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September 2002

 
Programme and Projects

RECITE II

 


Netwinning combination

 
    A fresh approach to European business networks establishes links between clustering and innovation, and develops a robust framework for realising network opportunities and evaluating their effectiveness.

N etwin is a practical pilot project which has developed and monitored business networks in six different European regions. Its results demonstrate how business clusters can stimulate product development and innovation. The project also led to the development of a common reference framework for analysing potential networking opportunities, assisting network action planning and implementation, and measuring the effectiveness of clusters.

Netwin (Networking for Innovation), funded by the European Commission's Directorate-General for Regional Policy under the Recite II programme, began in 1998 with the formation of 24 small-to-medium-sized enterprise (SME) networks. Its aim was to examine how partnerships between companies in the same geographic zone could be developed to enhance innovation and competitiveness. Project partners included Business Innovation Centres (BICs) in six regions - Aditec in Northern France, BIC in Attika, Greece, Portugal's Cpinal, Westbic in Ireland, the United Kingdom's Norbic and Tecnopolis in Italy.

Networks were specifically developed in these regions, including areas where previous attempts at clustering had been unsuccessful. Robust framework

The networks were developed and monitored over a three-year period. The success factors identified included local features that facilitated the functioning of networks, clear operational rules, the delivery of competitive advantage to cluster members, and positive impacts on business functions such as strategy, marketing and production. A solid conceptual framework was developed which offers a clear understanding of how business operates within the local environmental context (see diagram).

Netwin's conceptual framework encompasses concepts related to territory, networks and businesses, and the links between these three levels. If the complexity of these linkages is taken into account in developing clusters, they can improve the performance of firms by generating competitive advantages which, in turn, positively impact business functions.

Netwin's conceptual framework encompasses concepts related to territory, networks and businesses, and the links between these three levels. If the complexity of these linkages is taken into account in developing clusters, they can improve the performance of firms by generating competitive advantages which, in turn, positively impact business functions.

Netwin's fieldwork led to the development of a set of tools for identifying, auditing, constructing and evaluating clusters. The tool kit includes questionnaires, analysis sheets and advice for identifying potential clusters, defining action plans and monitoring overall effectiveness. It includes 14 detailed case studies of successful networks, and a list of the factors that are considered essential for the identification and development of successful networks.

Collating results from six different regions was challenging, but produced a standard and transferable reference framework within which the operational tools were constructed and tested. In-depth information from the six regions also demonstrated the adaptability of the tool kit, which can be applied to a variety of geographical locations and economic contexts. "There are numerous case studies about successful clusters," says Netwin inter-regional project manager Alexandre Desrousseaux. "What the tool kit still lacks is an explanation of how these successes can be reproduced in other countries."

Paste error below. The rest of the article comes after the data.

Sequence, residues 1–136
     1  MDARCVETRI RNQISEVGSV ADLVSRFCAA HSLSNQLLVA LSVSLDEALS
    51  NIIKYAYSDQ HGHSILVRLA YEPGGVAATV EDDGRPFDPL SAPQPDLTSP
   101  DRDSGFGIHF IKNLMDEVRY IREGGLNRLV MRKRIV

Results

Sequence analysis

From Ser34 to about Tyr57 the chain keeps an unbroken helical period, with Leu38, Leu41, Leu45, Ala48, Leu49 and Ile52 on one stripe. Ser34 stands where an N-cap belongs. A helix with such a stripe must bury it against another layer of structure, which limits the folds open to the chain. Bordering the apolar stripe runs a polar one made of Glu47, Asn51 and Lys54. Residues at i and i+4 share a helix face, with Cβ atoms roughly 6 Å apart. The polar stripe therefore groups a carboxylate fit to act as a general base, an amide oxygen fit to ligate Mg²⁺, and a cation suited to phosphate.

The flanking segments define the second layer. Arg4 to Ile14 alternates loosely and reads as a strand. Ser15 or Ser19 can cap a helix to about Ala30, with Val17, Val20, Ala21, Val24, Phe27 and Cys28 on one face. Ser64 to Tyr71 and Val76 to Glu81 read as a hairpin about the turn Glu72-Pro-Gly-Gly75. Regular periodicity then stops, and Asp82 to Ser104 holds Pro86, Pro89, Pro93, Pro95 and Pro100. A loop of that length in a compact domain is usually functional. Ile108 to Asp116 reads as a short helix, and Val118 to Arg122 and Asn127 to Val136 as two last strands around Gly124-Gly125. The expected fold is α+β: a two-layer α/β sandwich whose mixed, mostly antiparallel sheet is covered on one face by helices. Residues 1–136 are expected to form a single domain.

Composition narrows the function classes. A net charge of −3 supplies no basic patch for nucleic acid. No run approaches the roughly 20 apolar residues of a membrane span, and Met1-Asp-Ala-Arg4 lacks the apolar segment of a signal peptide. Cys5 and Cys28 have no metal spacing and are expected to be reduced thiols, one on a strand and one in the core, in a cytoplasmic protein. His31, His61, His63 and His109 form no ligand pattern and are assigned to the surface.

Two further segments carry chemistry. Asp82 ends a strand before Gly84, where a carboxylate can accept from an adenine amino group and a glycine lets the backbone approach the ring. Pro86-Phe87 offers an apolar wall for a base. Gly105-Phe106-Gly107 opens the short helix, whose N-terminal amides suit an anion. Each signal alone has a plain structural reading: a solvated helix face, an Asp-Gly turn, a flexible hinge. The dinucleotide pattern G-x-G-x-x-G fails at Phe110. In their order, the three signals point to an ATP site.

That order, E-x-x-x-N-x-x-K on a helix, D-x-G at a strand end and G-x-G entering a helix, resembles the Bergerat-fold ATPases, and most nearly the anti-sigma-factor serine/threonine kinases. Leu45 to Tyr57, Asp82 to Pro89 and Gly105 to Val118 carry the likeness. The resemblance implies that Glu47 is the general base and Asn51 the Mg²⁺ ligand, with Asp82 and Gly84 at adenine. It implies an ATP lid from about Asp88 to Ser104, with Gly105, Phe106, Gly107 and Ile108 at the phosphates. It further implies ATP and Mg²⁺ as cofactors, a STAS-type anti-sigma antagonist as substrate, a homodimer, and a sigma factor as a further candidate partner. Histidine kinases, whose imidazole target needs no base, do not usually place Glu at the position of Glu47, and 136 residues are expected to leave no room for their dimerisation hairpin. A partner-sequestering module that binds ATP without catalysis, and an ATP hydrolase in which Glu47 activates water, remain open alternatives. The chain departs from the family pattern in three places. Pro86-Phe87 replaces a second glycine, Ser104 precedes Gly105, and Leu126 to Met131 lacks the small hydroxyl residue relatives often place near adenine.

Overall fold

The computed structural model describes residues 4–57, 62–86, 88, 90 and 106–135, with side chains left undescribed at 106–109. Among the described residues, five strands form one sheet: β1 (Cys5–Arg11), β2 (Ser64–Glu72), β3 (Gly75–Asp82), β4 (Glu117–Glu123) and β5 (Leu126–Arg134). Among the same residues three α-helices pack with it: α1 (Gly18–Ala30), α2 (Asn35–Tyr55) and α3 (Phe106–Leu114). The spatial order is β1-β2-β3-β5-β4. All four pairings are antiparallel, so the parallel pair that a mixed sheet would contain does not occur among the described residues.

Potential users of the kit include BICs, chambers of commerce, business managers, local and regional development agencies and policy-makers. It will enable development agencies to provide local SMEs and policy-makers with new opportunities for service provision, and will also assist in communicating the benefits of clustering to business managers. Netwin's fieldwork highlights the need for clusters to reflect local business needs, if investment is to be effective. Evaluating business benefits

For a group of solar-heating manufacturers in Attika, for example, the benefits of working together were clear from the outset. They were able to improve their production methods by jointly purchasing new machinery that they could not have afforded individually. "These companies can now offer better-quality solar-heating systems at a lower price," Desrousseaux explains.

In addition to economies of scale, shared specialisations and joint promotional campaigns, clustering also facilitates innovation through the exchange of ideas. In Roscommon, in Ireland, discussions with other local crafts businesses led a local jam manufacturer to focus on being the best locally rather than expanding her business to London. "Information flow is essential for innovation, and proximity is important for the exchange of information," says Desrousseaux.

Netwin's findings were presented to Commission officials and to 150 potential users at a conference in Brussels in June. Feedback obtained there indicated that regions would need to employ a full-time co-ordinator to lead implementation of the Netwin methodology, identify and develop cluster opportunities and monitor their effectiveness. A non-profit association comprising Netwin partners and users will be established in September to exchange information on how the methodology can be further improved. "As the skill levels of local cluster managers increases, the methodology will be enhanced," says Desrousseaux.
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